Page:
CLEMSON — The other night, I caught a replay of Miami’s spring football game.
It was, shall we say, less than scintillating.
The Hurricanes committed five turnovers. The lone touchdown? A Mike James five-yard run with 4:19 to play, lifting Orange to a 7-6 victory over Green.
Miami announced the crowd who bothered to show up at Sun Life Stadium at 10,000, but judging by what I saw on TV, halving that number would’ve been generous.
It looked like a typical Thursday afternoon crowd for the stadium’s former tenant, the Miami Marlins.
Who could blame the fine people of south Florida if they found something better to do on a Saturday afternoon?
Spring football games are, by nature, boring. Coaches’ paranoia and the knowledge that games will be televised and replayed all summer leave them with an utter lack of imagination and intensity.
Compared to Miami’s game, Clemson’s Orange and White game was Super Bowl XXIII (the 49ers’ famous 20-16 win over the Bengals, also played at Sun Life Stadium).
Chandler Catanzaro’s 46-yard field goal lifted Orange to a 23-20 “double overtime” victory over White while only a smattering of the 28,000 announced by Clemson watched.
It wasn’t necessarily well-played, and at times it was populated by anonymous walk-ons who won’t see the field outside of the fourth quarter against Furman.
But the end was compelling. When regulation ended 20-20, Swinney gathered his captains at midfield and announced a field goal competition, with Catanzaro facing off against backup Ammon Lakip.
It took imagination not to just call a tie and end the afternoon after regulation.
If Swinney’s latest idea is implemented, spring could get the pizazz it so badly lacks.
Earlier this month, he suggested that the NCAA allow programs to finish spring against a team in their area.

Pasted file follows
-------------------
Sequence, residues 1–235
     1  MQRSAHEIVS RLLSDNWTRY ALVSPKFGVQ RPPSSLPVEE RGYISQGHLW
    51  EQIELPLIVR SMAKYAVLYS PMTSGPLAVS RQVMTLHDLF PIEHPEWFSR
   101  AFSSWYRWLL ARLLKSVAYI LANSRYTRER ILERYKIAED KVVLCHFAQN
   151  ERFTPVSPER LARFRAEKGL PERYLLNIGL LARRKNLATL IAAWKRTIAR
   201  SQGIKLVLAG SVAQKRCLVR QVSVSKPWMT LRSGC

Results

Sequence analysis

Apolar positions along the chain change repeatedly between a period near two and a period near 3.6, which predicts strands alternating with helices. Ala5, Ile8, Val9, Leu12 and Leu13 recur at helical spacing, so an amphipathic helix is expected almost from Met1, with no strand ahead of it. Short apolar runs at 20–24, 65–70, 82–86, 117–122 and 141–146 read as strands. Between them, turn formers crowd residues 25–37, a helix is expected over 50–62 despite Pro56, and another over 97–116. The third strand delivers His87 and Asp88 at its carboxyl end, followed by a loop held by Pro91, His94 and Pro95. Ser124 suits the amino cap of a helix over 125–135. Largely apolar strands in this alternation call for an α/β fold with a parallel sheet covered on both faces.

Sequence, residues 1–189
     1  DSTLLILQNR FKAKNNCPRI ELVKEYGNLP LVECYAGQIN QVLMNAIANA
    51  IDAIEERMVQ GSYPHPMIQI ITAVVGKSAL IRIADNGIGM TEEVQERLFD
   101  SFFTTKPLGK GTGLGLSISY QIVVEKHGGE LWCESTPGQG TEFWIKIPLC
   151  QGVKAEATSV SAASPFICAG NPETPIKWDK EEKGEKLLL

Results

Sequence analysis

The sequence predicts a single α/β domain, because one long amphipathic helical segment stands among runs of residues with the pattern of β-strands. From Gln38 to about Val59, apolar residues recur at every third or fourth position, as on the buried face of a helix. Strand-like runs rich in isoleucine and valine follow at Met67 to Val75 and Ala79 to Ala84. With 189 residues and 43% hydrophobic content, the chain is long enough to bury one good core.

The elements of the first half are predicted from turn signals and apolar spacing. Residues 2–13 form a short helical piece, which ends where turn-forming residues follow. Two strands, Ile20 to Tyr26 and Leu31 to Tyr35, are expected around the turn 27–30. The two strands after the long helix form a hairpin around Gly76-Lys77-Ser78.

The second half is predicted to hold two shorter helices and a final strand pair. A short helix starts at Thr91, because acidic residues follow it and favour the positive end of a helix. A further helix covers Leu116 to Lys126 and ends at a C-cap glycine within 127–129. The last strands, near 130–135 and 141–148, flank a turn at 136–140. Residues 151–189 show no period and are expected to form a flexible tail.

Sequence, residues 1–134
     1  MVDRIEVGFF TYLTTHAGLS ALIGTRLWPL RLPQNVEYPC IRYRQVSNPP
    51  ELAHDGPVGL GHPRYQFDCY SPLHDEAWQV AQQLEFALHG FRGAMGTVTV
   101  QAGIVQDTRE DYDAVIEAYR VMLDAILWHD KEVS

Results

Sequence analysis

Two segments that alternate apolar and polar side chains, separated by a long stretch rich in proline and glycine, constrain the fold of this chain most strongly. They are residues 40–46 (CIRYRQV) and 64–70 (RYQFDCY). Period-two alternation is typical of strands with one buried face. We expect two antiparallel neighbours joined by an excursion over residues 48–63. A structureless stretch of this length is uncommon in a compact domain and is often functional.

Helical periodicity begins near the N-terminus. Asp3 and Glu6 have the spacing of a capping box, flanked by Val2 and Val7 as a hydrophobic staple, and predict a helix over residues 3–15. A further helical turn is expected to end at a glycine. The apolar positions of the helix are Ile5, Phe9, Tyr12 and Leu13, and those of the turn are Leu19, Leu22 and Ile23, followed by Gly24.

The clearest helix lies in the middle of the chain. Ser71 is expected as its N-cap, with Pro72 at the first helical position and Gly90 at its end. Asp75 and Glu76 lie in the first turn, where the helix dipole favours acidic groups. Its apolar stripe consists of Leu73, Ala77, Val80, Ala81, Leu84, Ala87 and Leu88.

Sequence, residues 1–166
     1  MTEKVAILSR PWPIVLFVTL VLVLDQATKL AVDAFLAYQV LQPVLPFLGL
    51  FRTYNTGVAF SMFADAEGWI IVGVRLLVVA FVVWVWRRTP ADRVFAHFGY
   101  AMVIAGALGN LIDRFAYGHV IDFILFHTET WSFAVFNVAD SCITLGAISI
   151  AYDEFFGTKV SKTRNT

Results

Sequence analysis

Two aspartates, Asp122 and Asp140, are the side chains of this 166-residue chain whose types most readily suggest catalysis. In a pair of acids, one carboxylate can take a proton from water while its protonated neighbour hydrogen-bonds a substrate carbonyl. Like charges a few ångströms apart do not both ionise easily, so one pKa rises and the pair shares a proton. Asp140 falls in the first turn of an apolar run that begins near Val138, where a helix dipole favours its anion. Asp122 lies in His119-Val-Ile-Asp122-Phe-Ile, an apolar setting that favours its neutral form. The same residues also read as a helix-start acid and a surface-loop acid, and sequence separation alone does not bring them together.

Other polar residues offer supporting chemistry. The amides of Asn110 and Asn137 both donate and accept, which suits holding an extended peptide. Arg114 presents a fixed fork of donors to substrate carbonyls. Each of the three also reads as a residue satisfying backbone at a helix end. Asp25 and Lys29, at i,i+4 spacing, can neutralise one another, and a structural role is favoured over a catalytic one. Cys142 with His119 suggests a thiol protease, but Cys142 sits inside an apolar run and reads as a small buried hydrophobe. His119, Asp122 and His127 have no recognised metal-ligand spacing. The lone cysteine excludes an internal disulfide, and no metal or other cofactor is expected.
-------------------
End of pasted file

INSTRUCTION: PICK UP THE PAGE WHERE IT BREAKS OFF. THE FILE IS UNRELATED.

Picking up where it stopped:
Imagine how much buzz a Clemson-Georgia spring scrimmage would generate. Or a Clemson-Tennessee faceoff. Or South Carolina-Georgia Tech. Or South Carolina-Florida State. You get the idea.
Charge $10 a head, donate the proceeds to the school’s general fund (a badly-needed boost in this era of state budget cuts) and make quarterbacks off limits.
Fans could spend all summer breaking down how Sammy Watkins looked against the Bulldogs’ cornerbacks or obsessing about how a rebuilt offensive line held up against the Dawgs’ defensive line.
Sure beats trying to glean meaning from an roster split down the middle for a yawn-inducing scrimmage.
Are there concerns about injuries? Sure. But injuries can happen anytime, anyplace.
Just ask reserve quarterback Tony McNeal. On the last play of regulation, McNeal scrambled backwards and fell awkwardly to the turf for a 10-yard loss.
He tore his ACL on the play and will miss the 2012 season.
Is it distressing? Yes, but the rules and protections of spring didn’t help McNeal one bit.
Scrimmages with nothing on the line are nothing new.
During the NFL preseason, teams make a habit of visiting opposing training camps for scrimmages open to the public.
Every preseason, college basketball teams trade visits for closed scrimmages – Clemson and Georgia, in fact, are frequent partners.
Spring football is the South’s third most-popular sport behind college football and college football recruiting.
Why not give the fans a reason to care even more? Swinney’s idea makes perfect sense.